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Nikos SKALKOTTAS (1904-1949)
The Sea - Ballet Suite (1948-49) [45:15]
Four Images (1948) [13:43]
Cretan Feast (orchestration by Skalkottas of a work by Dmitri Mitropoulos) (1919 orch. 1923-24) [7:20]
Greek Dance in C minor (1949?) [5:07]
Iceland Symphony Orchestra/Byron Fidetzis
rec. June 2003, Haskolabio, Reykjavik, Iceland. DDD
BIS-CD-1384 [72:44]



There is a large part of Skalkottas's oeuvre that is seriously dissonant. It made quite an impact in the 1960s and 1970s in the UK when revived on the BBC by Dorati and others. Separate from that strain this Greek composer also wrote in a grateful lyrical idiom in touch with the song and dance of his homeland. This can be heard in his large collection of Greek Dances.

It is this raw, dancing and whirling energy that we catch in the 45 minute ballet suite of The Sea, written in 1948 and orchestrated the next year. The style combines Bartók, Khachaturian and Tchaikovsky in a romantic package which is sometimes grand and sometimes frivolously playful as in The Little Fish. There is a throaty little central serenade in the otherwise raucous Dance of the Mermaid. The Tchaikovskian lead soldiers seems raucously to the fore in The DolphinsThe Nocturne (tr. 7) is epic and seriously reflective of the sea's power and great distances. The music for the Preparation of the Mermaids in tr. 8 sounds as if ready made for a Ray Harryhausen animated fight sequence. The sinuous Sheherazade-like violin solo in The Tale of Alexander the Great recalls the fantasy of Rimsky's Sadko and Stravinsky's Rossignol. The final Hymn to the Sea is brazen and alive with a pomp that does not sound entirely natural from this composer. Once again the leader of the Iceland Symphony Gudný Gudmundsdóttir is to the fore.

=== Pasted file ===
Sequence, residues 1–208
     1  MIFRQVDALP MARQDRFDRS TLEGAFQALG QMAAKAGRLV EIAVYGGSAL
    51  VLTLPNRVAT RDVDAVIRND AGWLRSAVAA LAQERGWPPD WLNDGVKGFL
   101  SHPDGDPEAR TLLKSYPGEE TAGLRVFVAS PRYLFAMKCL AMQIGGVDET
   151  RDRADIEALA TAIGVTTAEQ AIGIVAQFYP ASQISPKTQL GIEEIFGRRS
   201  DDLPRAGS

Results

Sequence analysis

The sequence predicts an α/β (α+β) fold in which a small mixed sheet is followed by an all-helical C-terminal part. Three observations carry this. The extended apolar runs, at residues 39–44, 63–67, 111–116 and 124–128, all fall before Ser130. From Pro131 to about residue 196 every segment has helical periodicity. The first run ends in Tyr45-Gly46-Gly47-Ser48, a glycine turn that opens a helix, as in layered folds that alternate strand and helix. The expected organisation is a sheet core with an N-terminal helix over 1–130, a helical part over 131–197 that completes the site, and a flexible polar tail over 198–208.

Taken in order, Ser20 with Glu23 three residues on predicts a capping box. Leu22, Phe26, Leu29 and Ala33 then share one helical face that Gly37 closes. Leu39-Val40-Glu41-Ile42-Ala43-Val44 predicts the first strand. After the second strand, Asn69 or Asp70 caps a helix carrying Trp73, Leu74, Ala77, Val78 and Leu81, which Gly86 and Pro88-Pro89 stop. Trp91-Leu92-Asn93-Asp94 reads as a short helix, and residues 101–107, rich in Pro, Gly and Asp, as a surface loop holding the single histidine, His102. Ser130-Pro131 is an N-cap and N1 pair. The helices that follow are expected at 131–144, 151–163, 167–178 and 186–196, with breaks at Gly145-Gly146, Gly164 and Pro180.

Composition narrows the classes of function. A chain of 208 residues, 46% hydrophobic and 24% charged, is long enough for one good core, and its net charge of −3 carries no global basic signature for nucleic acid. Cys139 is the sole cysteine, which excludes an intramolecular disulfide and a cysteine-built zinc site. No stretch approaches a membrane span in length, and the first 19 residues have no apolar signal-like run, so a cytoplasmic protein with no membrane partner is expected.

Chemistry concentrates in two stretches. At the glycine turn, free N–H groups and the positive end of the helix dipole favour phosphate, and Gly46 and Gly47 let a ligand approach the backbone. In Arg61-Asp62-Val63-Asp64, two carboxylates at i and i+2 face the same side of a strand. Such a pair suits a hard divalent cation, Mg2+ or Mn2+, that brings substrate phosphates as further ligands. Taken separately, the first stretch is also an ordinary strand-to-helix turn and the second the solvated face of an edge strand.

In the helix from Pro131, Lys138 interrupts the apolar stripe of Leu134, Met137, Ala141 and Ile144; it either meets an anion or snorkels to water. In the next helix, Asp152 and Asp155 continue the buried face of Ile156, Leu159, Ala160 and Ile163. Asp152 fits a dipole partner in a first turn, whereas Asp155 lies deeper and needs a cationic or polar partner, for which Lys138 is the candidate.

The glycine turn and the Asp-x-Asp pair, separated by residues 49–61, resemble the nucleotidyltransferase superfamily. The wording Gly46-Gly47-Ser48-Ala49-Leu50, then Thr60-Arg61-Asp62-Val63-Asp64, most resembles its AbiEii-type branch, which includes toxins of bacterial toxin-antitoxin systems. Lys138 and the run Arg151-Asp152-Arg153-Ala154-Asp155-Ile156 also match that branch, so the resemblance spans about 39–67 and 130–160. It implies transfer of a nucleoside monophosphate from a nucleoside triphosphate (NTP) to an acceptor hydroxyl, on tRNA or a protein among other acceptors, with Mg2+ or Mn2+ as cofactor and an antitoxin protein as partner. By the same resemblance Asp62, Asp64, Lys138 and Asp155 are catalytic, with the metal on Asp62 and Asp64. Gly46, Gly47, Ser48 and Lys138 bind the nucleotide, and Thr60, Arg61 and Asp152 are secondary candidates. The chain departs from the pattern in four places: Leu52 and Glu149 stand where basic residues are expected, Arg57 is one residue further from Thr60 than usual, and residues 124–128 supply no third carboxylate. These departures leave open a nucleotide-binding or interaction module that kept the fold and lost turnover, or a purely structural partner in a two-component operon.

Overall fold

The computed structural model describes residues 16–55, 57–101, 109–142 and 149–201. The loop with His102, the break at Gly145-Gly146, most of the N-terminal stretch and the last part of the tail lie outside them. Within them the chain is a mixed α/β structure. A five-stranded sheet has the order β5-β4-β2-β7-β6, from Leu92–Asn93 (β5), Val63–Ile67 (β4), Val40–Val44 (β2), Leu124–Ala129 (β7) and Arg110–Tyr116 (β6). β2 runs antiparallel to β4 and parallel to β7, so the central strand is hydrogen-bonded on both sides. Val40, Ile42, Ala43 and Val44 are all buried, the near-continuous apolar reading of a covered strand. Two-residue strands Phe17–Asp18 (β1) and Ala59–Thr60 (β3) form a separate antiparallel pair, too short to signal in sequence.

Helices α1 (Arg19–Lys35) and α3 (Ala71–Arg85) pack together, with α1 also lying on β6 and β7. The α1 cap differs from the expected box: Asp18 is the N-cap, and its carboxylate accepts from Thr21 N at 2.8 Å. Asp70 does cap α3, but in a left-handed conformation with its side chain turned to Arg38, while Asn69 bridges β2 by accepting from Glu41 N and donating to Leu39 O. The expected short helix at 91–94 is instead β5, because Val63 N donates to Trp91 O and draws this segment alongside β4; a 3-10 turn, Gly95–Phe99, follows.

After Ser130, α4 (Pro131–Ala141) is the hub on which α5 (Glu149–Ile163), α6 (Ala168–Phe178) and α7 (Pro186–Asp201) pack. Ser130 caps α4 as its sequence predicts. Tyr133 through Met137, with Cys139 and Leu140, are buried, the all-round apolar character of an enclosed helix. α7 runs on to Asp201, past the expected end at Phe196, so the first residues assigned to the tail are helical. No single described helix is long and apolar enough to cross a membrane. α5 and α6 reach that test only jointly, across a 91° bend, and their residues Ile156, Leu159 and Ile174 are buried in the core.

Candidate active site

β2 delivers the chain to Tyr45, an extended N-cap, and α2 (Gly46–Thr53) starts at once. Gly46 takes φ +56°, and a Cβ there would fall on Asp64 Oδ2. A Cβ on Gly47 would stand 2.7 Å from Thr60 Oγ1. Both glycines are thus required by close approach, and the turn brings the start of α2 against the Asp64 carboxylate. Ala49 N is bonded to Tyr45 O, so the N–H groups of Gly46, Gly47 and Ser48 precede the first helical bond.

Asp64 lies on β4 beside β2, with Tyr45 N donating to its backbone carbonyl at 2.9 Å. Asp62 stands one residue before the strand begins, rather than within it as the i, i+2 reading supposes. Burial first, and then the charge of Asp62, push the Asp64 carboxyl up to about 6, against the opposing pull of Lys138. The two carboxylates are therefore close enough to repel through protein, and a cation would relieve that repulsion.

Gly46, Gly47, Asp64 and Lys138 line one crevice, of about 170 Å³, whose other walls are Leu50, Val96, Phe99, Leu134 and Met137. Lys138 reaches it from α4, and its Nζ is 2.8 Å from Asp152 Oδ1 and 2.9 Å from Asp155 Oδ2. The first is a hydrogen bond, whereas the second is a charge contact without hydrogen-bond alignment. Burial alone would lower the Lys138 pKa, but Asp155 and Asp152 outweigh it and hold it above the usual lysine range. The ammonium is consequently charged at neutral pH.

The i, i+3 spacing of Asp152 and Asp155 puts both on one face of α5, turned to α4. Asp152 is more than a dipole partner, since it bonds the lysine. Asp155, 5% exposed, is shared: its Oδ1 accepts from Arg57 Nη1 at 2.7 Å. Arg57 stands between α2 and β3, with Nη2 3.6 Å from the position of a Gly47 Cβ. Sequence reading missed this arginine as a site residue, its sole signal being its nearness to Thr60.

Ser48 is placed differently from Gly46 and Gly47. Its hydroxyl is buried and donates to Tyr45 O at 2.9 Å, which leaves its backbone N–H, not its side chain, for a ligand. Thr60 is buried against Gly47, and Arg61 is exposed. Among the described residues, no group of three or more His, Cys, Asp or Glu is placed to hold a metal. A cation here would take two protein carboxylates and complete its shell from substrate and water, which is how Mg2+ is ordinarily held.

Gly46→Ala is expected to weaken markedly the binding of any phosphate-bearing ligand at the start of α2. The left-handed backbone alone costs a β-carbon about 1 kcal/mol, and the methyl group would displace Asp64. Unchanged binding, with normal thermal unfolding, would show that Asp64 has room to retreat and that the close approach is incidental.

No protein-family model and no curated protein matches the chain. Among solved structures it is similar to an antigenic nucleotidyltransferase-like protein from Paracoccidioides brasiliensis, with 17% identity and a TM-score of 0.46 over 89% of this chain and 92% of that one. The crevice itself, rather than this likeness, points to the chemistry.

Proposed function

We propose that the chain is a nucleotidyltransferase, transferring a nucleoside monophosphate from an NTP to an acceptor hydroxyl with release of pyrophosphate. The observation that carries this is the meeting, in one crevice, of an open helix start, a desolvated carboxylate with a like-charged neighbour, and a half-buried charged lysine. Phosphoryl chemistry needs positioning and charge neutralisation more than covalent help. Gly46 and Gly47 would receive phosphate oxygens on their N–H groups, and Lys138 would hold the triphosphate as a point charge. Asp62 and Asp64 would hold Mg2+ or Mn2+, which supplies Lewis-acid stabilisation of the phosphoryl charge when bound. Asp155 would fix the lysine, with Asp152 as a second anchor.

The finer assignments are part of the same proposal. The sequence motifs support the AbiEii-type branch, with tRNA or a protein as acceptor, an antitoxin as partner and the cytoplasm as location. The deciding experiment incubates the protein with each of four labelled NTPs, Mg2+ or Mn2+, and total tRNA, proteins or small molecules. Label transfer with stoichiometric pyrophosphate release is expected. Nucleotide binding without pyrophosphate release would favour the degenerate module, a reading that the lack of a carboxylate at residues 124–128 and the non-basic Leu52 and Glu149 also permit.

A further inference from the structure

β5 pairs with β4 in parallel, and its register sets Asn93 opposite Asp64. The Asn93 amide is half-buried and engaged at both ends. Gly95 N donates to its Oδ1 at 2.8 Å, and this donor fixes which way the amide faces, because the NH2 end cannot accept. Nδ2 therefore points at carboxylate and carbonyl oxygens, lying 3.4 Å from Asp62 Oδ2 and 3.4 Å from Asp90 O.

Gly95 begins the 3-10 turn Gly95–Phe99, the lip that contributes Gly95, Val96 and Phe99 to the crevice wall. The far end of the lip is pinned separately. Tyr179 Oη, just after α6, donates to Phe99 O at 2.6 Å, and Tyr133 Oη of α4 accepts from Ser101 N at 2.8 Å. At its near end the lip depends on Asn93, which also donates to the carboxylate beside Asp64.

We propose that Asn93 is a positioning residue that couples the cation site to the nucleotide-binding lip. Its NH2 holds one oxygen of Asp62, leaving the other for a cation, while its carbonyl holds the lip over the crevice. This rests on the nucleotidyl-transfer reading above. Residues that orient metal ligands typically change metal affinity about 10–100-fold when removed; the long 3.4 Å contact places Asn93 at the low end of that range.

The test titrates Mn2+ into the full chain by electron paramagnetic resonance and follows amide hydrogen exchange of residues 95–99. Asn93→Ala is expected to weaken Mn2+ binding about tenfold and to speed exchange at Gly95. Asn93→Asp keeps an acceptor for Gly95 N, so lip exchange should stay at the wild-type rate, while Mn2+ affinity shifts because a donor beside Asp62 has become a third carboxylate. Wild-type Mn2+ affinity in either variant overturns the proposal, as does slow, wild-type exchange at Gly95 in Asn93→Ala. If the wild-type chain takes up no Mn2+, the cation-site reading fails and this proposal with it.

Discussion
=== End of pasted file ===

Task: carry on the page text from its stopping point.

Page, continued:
The Four Images are from the same period as The Sea. This is effectively another folksy dance suite in the varied manner of the thirty-six Greek Dances: hammered, exhausting energy and amorous serenades. Nielsen's Aladdin came to mind more than once as also do the more terpsichorean Canteloube songs and Arnold’s national dances. This is light music with a foot that keeps switching into the serious. The harmony is far from bland - its accents have learnt from Bartók and yet more from Kodály.

Cretan Feast is a work by Mitropoulos.  This is a  stormily and rapturously surging work with more than a little indebtedness to Tchaikovsky and Nielsen at their most tempestuous.

The grand Greek Dance in C minor romps along in rustling Dvořákian colours. The writing is not quite as tangy as in the main sequence of 36 Greek Dances but it is uproarious and would make a fine and unhackneyed encore at a Prom concert ..... if only!

This along with the masterly Thirty-Six Greek Dances is one of the easiest approaches to the genius of Skalkottas.

Rob Barnett





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